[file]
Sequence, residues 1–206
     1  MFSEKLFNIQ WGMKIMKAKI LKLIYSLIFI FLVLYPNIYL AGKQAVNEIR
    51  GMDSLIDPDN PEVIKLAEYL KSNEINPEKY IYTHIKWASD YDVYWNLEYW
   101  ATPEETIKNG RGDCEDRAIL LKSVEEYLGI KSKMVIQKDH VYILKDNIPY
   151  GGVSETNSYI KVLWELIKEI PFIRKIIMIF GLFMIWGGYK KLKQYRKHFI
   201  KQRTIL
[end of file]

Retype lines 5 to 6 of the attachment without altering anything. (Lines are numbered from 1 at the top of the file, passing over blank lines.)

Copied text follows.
   151  GGVSETNSYI KVLWELIKEI PFIRKIIMIF GLFMIWGGYK KLKQYRKHFI
   201  KQRTIL